Alibaba deal could raise bar on investors’ rights

By Doug Young Source:Global Times Published: 2013-10-28 20:23:01

Illustration: Chen Xia/GT

Illustration: Chen Xia/GT

Leading e-commerce firm Alibaba may be heading for a compromise that would allow it to list on the Hong Kong Stock Exchange, in a deal that would come as a victory for minority shareholders of publicly listed firms. Hong Kong securities officials should be praised for sticking to their principles of protecting minority shareholder rights in this case rather than agreeing to Alibaba's requests to win this mega-IPO likely to raise billions of dollars.

Alibaba itself should also be proud of its good example if it ultimately reaches a compromise that allows it to list in Hong Kong. By agreeing to better protect the rights of minority shareholders, the company would be sending an important message to other overseas-listed Chinese mainland firms whose founders too often treat their companies like personal fiefdoms.

Alibaba and Hong Kong securities regulators have been at loggerheads since August, when word first emerged that the mainland's leading e-commerce firm was seeking a rule exemption that would allow founder Ma Yun and other top managers to maintain control of the company after an IPO. Under their original proposal, a group of Alibaba's partners would have retained the right to nominate a majority of the company's board, giving them control of the company regardless of their actual stakeholdings.

That scheme, which involved the issuing of two classes of shares with different rights, isn't normally allowed under listing rules of the exchange, which argues such a structure undermines minority shareholder rights by diluting their control. Alibaba argued its top managers needed to maintain control of the company to chart its longer-term course, which sometimes conflicts with minority investors who remain more focused on near-term profits.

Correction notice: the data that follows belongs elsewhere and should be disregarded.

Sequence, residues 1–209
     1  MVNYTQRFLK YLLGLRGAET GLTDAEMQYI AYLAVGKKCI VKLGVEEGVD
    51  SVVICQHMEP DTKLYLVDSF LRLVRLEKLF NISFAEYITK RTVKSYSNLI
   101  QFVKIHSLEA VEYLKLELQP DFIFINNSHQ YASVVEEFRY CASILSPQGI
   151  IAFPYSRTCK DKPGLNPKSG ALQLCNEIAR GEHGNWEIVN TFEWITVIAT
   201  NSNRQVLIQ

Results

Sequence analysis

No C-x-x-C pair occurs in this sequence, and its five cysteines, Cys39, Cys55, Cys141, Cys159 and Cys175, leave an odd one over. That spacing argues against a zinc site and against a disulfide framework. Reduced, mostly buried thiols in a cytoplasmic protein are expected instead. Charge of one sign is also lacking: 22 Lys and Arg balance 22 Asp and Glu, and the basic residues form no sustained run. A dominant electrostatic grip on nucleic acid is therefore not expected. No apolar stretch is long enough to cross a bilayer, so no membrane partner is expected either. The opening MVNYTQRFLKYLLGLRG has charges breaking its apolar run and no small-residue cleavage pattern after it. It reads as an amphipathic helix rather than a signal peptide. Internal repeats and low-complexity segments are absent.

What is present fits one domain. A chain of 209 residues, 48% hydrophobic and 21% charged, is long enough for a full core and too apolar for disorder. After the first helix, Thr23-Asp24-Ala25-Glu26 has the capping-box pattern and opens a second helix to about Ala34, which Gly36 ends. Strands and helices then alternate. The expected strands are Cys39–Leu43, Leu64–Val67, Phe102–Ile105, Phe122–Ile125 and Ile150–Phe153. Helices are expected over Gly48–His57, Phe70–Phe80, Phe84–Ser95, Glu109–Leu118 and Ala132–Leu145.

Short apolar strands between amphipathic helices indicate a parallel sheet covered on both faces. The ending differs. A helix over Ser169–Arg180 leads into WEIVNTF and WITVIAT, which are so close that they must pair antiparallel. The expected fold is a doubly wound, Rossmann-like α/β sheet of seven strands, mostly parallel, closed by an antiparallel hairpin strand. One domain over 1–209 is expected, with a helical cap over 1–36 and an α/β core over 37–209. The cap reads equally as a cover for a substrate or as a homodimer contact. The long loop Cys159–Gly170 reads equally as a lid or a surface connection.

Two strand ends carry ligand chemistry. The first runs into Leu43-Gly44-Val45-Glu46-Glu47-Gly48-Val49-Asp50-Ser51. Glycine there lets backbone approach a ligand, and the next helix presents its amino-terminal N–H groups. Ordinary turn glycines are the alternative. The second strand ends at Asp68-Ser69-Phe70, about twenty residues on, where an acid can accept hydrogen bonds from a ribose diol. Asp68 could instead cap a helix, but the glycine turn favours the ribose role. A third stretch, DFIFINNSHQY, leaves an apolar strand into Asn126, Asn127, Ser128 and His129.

After Hong Kong refused to grant Alibaba's exemption, media reported the company was considering a listing in New York or even London, even though Hong Kong remained its first choice. Now the latest media reports say Alibaba may be preparing a new plan that would better protect minority shareholders.

Under that plan, the company would require that its chief executive officer (CEO) be selected from one of its 28 partners, meaning that in principle all major decisions made by the CEO would have to have the support of a majority of those partners, according to the reports.

In fact, most Alibaba shareholders would probably be happy to let Ma and his management team run the company, since they have done an excellent job in building it into one of the mainland's most valuable Internet firms over the last decade. The company's value has soared from about $2.5 billion in 2005, when it took on Yahoo as a major strategic investor, to as much as $100 billion now, marking a fortyfold increase.

But at the same time, there's no guarantee that Ma and his team will continue to run the company so well in a fast-moving Internet industry where fortunes can and do quickly change. If Alibaba ever does start to stumble in the future, its nonmanagement investors should have the right to change the team and even have a say in the company's future direction.

Ma's desire to maintain control over his company is relatively common among mainland Internet firms, which are often headed by their founders. While such founders usually retain only minority stakes in their firms after going public, they often maintain tight management control and show limited regard for minority investors.

Online game company Giant Interactive came under the spotlight in 2011 when investors learned it had invested in an insurance company that had little relationship to its core gaming business. That conflict may have been partly behind founder Shi Yuzhu's decision this year to retire as CEO. In a move with similar overtones, solar energy pioneer Suntech made questionable investments in a solar power fund that ultimately fueled the company's rapid tumble into bankruptcy and led to the ouster of the man behind those investments, founder Shi Zhengrong.

Founders of privately funded mainland firms need to learn that they have a responsibility to their minority investors, and should try hard to win the respect of those investors through prudent management. In this case Hong Kong should be commended for its determination to respect those investors, and Ma and Alibaba should also be applauded if they ultimately settle on an ownership structure that gives those investors the rights they are due.

The author is a former company news reporter from Reuters. He writes about China's company news at

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